1. I Know it’s a bit late. But I’d like to inform that Brazilian generation and transmission of energy are privatized. We even have a continuous eletronic market where companies (transmitters and generators) buy and sell their product to utilities (final consumers) and direct industrial consumers.

  2. Brazil is providing a great example of what we should be aiming for in Europe, but also a learning opportunity how to avoid grid vulnerability. I wonder if energy is privatised in Brazil? I wonder how they are doing in terms of pricing and competitiveness.

  3. Prof. Miret, Dr. David Zilberman, says: “God helps those who help themselves!” How much more a clearer message for our actions in almost everything we do involving self responsibility, consciousness, accountability and carefulness for our proceedings an insight meaning on self-related sense of obligation can be?

    At the United Nations President Obama in his speech about Climate Change said: “The science is undeniable, as are the signs of rising danger all around us.” Obama’s statement contains individual responsibilities to look at, related to those Dr. Zilberman described, and we cannot sit around waiting for others to do what we need to do for ourselves.

    Moreover, Obama laid-out the true facts about the dangerous condition our planet is in, and the critical condition of our ecosystem that tolerates Global Warming, flags the signs of “you’re at your own risk” and this is not the type of tale that you want to think of as an imagining illustration of a non-existing matter. Humans polluted planet Earth and we have a Climate crisis. This is a fact.

    And what Obama is really saying to the world is, snap out of the Trans you’re in, you are living-in-the-story and do your due diligence part. He’s not asking anyone to do the impossible; using vacuum hoses sky-high to clean-up the air. Thus, since we’re here, occupying the space we use, our obligation is to help ourselves by minimizing excessive waste, and by doing so pollution can be reduced.

    Yes, since Industrial Revolution planet Earth has been brought down to its knees over-carrying polluted substance matter in the atmosphere created by humans, and to restore the misaligned global condition back onto a repositioning stance and orderly fashion that ought to be is not an easy task. Alas, is the type of challenge comes with a set of practical requirements. Undo habitual ways of careless outflows, and focus in conservation, waste reduction, self sufficiency and the good news is once waste management is under control, a breath of fresh air is feasible.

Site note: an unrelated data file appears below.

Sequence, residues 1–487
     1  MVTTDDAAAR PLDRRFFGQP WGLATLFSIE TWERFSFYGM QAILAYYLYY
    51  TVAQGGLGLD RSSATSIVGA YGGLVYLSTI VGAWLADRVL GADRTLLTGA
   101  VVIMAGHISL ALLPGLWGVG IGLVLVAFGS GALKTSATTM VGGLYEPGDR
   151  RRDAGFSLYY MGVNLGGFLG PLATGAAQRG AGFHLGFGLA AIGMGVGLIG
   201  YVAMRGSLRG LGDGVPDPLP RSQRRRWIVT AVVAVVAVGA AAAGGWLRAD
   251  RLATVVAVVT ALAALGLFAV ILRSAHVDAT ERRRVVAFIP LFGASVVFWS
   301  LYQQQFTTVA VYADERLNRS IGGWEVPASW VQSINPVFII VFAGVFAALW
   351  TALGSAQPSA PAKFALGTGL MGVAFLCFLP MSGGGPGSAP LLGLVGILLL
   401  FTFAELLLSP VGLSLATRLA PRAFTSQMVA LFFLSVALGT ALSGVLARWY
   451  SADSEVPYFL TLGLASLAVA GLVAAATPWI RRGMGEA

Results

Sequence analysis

Individual efforts are vigorous and self-gratifying because are spirited dynamic! Waiting on Climate Change news reports and statistic presentations about the seven Billion people occupying the Planet if they’re doing their part, is like waiting on lottery fortunes. Due diligence begins and ends with oneself, and the person who wants to see an Environment free of pollutants.

    Dr. Zilberman’s “God helps those who help themselves” can apply to Brazi’s unique energy matrix, on a different scale, as an individual’s responsibility would have to improve living conditions. Brazil’s distinct location can grant the energy matrix probability in view of the fact that its regional Atlantic Ocean coastline location of about 4,600 miles plays an important role for Renewable Energy developments, since rolling hills around the country create abundant wind-streams for Windmills Installations to provide Green Energy and Off-shore as well.

    And, Brazil’s government can help their country to prosper by adapting to Renewable Energy if they want to. However, creating a presence of Renewable Energy in the eyes of Petrobras, one of the world’s BIG TIME oil producers, who has been providing energy for Brazil for over sixty years, it would be a tough sale to promote, and a hard pill to swallow for Brazil’s oil industry by shifting gears to Cleantech.

    Oil exploration industry has deep roots in diversified investments worldwide, hauling endless tails of related industries providing countless jobs globally for over a century. Brazil, the fifth largest nation in the world, depends on Petrobras.

    What the reports show about Brazil’s Renewable Energy is the icing on the cake, and so, the international community sees some progress for Brazil on Cleantech. The truth of the matter is Petrobras runs Brazil’s Energy.

    Think of it this way, when you say to your guests you are going to cook pasta and you have the water boiling, while you serving another dish on the table for them, your guests are satisfied with the dish you already served. They’ll agree to have pasta another time.

    It will take years and years before the world understands the attributes of Wind and Solar power to convert from oil. I’ll be very happy to get a call from the Brazilian government to install one wind turbine. But I think it would be easier to build a Windfarm in Africa, than trying to install a Windturbine under Petrobras’s nose.

    But, again, help is always available. Ask and you will receive. And if Brazil wants to help their nation and the neighboring countries with Renewable Energy, USA is ready to assist.